The Crestone Eagle, August 2004:
The 15th annual Crestone Energy Fair
story & photos by Kelly Hart
Get ready to save energy, be kind to Mother Earth, and have lots of fun at the 15th Annual Crestone Energy Fair on Labor Day weekend, September 4 and 5, at the Crestone Town Park. There will be plenty to pique your interest, whet your appetite, and please your ear, with alternative energy demonstrations and workshops, a tour of local sustainably built homes, scrumptious food booths, and live music. Additionally, this year’s Fair expects to feature artisan’s booths, a parade, a raffle and an evening community dance.
With the Crestone Peak organization in charge of the Fair this year, we can expect renewed energy and commitment toward making the event lively and successful. Any money realized from the Fair will help Crestone Peak with their effort to provide affordable land and sustainable resources for low-income families and individuals. Promoting energy efficiency is perfectly aligned with their goals.
There are several demonstrations already scheduled. Talmath Mesenbrink will show how he pours adobe floors, and I’m sure he will have samples on hand of the varieties of fine finishes that he is able to create. Nick Chambers will be demonstrating how to cook up biodiesel that can fuel a vehicle, starting with ordinary vegetable oil and other common ingredients. Annike Storm will show how to make beautiful earthen plasters, for both interior and exterior wall coverings. Michael Baron will showcase his famous Aerblock material for building homes. Many others are expected to demonstrate aspects of solar energy, building technologies, water conservation concepts, etc.
Music this year will feature a variety of mostly local musicians, including the lightning fingers and steady beat of Mike Tiernen. The music during the day will prime your ears and bones for the evening dance spectacular that will benefit the Crestone Fire Department.
The alternative home tour is always one of the most popular events of the Energy Fair. This will be conducted on the morning of Labor Day, Monday, September 6. This year the tour will be divided into two groups, so that those homeowners who are gracious enough to invite the public into their homes will not be so overwhelmed by a large crowd, and everyone can see and feel these unique spaces more personally. Quite a variety of alternative building technologies and energy conservation measures will be showcased, along with the remarkable ingenuity and creativity that the owners and builders have lovingly expressed in fashioning these homes.
Bill Sitkin and Chinle Beaver have agreed to show their unusual hybrid earthbag/papercrete home. Bill is one of those Renaissance guys who can do most anything he imagines, and this is evident in their home. The sculptural shapes of the rooms are enhanced by colorful paints and unique inlaid floor and counter tiles made by sawing thin slabs of “Baca rocks”. The structure of the house itself is created by stacking misprinted rice bags filled with crushed volcanic rock up, one on top of the other and laid like bricks. Strands of barbed wire run between the courses of bags to bind the wall together, and then most of the bags are plastered with papercrete (made from recycled waste paper and some Portland cement).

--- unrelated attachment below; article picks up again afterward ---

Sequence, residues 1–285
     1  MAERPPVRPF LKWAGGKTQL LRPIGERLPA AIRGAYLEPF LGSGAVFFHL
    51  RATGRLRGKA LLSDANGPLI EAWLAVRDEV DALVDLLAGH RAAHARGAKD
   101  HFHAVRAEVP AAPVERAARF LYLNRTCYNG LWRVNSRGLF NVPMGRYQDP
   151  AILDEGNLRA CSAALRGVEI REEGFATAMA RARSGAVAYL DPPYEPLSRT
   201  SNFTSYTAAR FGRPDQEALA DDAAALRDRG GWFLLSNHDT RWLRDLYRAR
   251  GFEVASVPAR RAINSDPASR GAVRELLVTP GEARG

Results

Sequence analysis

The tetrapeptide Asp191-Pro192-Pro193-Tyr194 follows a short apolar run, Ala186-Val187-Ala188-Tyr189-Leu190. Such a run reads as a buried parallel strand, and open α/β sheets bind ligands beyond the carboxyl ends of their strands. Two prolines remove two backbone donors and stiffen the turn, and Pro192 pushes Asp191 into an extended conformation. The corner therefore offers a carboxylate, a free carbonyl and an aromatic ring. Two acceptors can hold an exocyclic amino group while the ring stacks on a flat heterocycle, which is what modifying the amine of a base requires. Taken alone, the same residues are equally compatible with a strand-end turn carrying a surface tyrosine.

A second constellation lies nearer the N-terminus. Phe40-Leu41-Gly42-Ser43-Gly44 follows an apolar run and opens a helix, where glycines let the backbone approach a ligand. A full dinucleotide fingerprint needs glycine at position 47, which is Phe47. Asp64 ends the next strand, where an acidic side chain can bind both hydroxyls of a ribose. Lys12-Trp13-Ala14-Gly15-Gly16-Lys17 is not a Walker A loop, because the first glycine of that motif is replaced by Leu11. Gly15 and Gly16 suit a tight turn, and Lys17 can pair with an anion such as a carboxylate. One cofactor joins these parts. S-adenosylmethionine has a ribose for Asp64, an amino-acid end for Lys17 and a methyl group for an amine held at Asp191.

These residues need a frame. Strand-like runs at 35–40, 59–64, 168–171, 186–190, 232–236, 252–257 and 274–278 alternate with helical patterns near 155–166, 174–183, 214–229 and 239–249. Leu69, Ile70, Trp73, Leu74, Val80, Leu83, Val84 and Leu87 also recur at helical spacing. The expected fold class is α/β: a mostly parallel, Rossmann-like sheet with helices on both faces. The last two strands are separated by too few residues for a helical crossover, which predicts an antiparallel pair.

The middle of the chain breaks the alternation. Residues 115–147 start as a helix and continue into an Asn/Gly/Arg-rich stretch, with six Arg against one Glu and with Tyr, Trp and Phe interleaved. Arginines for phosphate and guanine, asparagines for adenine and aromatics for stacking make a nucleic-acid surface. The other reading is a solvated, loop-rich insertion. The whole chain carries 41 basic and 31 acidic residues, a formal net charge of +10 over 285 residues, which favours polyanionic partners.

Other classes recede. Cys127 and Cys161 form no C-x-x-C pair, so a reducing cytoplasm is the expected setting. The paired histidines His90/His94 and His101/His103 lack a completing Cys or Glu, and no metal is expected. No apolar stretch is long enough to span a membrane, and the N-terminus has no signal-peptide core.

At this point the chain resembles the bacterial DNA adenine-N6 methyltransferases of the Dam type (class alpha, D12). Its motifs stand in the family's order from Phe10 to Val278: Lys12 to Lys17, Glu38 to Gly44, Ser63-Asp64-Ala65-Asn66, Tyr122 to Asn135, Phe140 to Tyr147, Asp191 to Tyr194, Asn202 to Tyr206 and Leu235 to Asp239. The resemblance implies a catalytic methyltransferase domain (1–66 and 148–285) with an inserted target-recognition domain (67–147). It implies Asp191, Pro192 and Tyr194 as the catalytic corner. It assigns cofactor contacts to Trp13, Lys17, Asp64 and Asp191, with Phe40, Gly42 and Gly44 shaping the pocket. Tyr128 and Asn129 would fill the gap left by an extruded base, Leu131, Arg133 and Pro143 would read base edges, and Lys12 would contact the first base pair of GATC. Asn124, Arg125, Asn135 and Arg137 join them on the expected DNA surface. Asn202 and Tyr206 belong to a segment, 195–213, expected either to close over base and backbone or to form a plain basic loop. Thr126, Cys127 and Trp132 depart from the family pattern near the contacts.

The unusual home of Harun Magnuson and Susannah Ortego, which is made almost entirely with papercrete, fashioned as a huge dome/vault, will be on view. Lovely details, from natural earthen plasters and adobe floors, to fine stone and tile work will delight your eyes. This home is a labor of love that demonstrates how persistence can overcome all manner of obstacles.
Paul Shippee will give a tour of his home, that is still under construction, as an example of rammed earth combined with strawbales. Paul is an engineer, educator, and builder with considerable experience in the field of solar energy. He has pioneered passive solar concepts for several decades, and won the distinction of designing and building the most energy-efficient home entered in a national competition several years ago. Paul will explain why he chose the materials and design that embody his emerging home.
Carter and Connie McClintock will open their home made with Rastra blocks. These are insulated concrete forms that are fabricated with recycled Styrofoam. These forms are stacked up like big Lego blocks, and then filled with reinforced concrete. The house is designed for passive solar heating, and features beautifully symmetrical architecture supported by massive beams. It is also bermed somewhat into the ground on the north side for even more thermal efficiency.
Rebecca Eastlake has agreed to show her home that not only sports the use of a recycled boxcar, but is also completely off-grid for electricity, which is a combination of wind power and solar-electric panels.
Those who join the alternative home tour can also expect to see houses made from adobe blocks, Aerblocks, cob, used tires, and strawbales. Anyone interested in any of these technologies, or just curious about what it feels like to be in a home designed to heat and cool itself naturally, or be powered by renewable electricity, should enjoy the tour.